Soldier On

When I had a molar pulled a few months ago, I understood that I’d be on a soft-food diet until I got my stitches out ten days after the extraction.  Ten days seemed like an awfully long time to go without any food that crunched, especially since so many of my favorite foods fall into that category.  Still, I got through it, and was really looking forward to a return to normal eating the day the stitches were removed.

But it turned out that I was wrong about that ten-day thing.  Because the morning I had my stitches removed, the dentist casually informed me that my soft food diet needed to continue for another ten days, until he removed the membrane that was protecting the new bone graft he put in my jaw.  Even worse, I’d be out of town the week I was supposed to come in for the procedure, so I’d actually be on soft foods for at least another two weeks.  So much for the celebratory dinner of all things crunchy, especially nachos, I’d planned for that night.

I can’t say that I enjoyed my three-plus weeks on a soft-food diet, but I did get used to it.  What had seemed like a horrible inconvenience soon became a minor annoyance, and I learned to get creative with my food.  (I found that I actually could eat nachos, as long as I stuck to the really soggy chips at the bottom of the pile.)  My most recent dental procedure has me on another ten days of soft foods, and this time it honestly feels like no big deal at all.  It’s amazing what we can get used to when we have no choice.

Last week our dog, Finn, tested positive for heart worms at his annual check up, and he’s already begun his four-month treatment program.  He’ll be on antibiotics for four weeks, and then four weeks after that he’ll get the first of three injections that will actually kill the worms that have taken up residence in his heart.  It will take almost four months to complete his treatment, and during that time we’re supposed to keep him calm and quiet.  Because if he gets too excited a chunk of worms could break off and cause a nasty, and most likely fatal, reaction.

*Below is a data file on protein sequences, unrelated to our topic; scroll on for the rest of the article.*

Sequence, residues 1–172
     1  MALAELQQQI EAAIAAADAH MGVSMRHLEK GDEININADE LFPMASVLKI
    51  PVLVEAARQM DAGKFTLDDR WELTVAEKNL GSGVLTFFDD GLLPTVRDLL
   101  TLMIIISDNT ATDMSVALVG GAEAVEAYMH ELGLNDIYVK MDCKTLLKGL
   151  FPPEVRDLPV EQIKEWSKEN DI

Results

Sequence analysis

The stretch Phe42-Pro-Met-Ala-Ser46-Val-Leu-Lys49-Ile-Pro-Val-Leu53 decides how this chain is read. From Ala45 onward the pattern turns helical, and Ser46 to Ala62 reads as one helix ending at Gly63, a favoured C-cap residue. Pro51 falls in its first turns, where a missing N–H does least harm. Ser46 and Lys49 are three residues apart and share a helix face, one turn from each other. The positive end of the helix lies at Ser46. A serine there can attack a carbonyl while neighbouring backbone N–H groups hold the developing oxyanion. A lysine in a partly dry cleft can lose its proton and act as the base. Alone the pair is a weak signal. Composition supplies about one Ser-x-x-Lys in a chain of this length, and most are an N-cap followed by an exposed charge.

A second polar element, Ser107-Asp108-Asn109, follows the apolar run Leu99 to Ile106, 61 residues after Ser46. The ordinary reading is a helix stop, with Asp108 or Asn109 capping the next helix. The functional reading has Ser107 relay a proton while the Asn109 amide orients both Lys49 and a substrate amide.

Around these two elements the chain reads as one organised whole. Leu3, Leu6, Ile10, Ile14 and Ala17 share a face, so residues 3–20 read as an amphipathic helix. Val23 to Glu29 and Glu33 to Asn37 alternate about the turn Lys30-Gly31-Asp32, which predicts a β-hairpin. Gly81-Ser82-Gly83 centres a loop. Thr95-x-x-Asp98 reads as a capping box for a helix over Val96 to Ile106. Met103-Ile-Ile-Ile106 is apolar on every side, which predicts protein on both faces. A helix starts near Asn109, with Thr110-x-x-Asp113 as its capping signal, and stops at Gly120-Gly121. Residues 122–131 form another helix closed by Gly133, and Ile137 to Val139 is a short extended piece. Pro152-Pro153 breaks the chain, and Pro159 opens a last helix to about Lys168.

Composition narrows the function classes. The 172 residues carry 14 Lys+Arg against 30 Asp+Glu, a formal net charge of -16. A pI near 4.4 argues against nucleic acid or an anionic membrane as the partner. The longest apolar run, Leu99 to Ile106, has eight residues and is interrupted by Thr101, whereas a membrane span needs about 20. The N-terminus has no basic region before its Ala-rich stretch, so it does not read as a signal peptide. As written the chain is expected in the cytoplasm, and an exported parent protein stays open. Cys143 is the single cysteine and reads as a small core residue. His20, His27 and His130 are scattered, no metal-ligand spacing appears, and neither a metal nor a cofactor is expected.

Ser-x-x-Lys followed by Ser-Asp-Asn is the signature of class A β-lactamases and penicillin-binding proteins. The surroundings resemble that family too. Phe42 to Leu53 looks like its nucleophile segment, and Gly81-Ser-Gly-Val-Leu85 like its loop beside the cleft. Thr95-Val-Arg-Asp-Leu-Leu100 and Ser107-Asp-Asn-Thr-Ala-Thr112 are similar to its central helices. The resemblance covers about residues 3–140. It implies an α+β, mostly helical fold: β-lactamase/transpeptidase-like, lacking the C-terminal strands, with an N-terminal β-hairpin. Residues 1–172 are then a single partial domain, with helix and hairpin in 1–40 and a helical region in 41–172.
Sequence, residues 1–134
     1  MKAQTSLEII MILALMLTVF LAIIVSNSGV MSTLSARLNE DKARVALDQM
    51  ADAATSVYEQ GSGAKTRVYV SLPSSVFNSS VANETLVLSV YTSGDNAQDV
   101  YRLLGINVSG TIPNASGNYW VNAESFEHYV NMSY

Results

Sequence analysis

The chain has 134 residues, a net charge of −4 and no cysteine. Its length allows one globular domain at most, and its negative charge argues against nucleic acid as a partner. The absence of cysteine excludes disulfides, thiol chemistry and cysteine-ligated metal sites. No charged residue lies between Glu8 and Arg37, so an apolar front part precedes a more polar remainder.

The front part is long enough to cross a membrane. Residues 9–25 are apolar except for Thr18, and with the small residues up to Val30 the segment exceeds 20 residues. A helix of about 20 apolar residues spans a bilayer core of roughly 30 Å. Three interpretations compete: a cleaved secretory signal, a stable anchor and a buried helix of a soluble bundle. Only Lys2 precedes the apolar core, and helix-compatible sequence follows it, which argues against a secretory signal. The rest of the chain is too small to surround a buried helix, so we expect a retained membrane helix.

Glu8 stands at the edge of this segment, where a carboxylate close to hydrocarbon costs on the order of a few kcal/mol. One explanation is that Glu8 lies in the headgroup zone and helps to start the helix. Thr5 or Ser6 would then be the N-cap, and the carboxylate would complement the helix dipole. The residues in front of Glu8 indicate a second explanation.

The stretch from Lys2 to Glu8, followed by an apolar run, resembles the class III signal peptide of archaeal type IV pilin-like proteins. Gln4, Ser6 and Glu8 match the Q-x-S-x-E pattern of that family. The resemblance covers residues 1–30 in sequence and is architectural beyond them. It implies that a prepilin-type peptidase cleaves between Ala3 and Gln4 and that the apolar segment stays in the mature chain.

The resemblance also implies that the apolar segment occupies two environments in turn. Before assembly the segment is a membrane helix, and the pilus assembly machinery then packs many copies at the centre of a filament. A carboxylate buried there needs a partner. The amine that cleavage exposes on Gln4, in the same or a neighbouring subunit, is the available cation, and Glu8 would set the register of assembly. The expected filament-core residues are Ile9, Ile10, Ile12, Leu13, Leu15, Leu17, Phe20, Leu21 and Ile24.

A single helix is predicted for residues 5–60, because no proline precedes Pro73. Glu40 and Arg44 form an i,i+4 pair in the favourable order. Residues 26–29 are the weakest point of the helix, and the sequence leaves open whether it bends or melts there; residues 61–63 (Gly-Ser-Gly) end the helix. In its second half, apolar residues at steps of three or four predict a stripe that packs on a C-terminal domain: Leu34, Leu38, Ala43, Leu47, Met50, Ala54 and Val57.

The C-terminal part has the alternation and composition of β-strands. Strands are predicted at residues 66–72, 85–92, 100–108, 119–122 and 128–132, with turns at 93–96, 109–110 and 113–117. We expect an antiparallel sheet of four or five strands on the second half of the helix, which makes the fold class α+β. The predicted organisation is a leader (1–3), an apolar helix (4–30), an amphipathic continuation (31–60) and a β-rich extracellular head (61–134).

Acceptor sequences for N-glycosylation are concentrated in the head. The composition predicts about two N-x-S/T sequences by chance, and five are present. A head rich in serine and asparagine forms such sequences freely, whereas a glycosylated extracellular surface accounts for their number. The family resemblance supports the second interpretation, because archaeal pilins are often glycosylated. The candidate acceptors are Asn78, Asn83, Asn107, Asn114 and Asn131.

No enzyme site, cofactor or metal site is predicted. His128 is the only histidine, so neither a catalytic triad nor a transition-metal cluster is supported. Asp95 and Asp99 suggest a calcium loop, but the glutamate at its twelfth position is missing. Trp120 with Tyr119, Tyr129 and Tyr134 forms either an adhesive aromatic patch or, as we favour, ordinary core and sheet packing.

fullsizeoutput_5988It’s going to be a real challenge to try to keep a two-year old terrier calm and quiet for four months, especially when he’s feeling just fine, which he will be except for the days immediately following the injections.  We’re talking about a dog we call “Bubbles” because of his bubbly personality, and who loves to spend his days running full speed around the yard and who goes berserk every time he sees his leash or he thinks it’s dinner-time.

The prospect seems daunting now, but all we can do is take it one day at a time.  We’re already realizing that some of the trips we had planned for this Spring and Summer might not happen, and we’ll make whatever other adjustments are needed to make sure we take the best possible care of our dog.  This wasn’t what any of us wanted, but it’s what we got.  Yet we’ll get used to it, and we’ll get through it.  Because as everyone who has ever dealt with a long-term issue, no matter how big or how small it may be, knows….sometimes we just have to “soldier on.”

99 thoughts on “Soldier On

  1. Hi Ann – I cannot remember whether you bought a copy of “Who Said I was up for Adoption?”, but I dealt with heartworm in considerable detail in the book. Ray came to us and tested positive and, like you, we had to find some ways of getting him to change his intuitive behaviours. It was a long year that year … but we all obviously survived it!

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    • I have a feeling that book will be a good resource in the coming months, Colin! Several dogs at our shelter have come in heart worm positive and are treated for it before they are available for adoption, often in foster homes, so I was familiar with the treatment. But until now, it hasn’t been my responsibility to keep them quiet. Should be an interesting experience!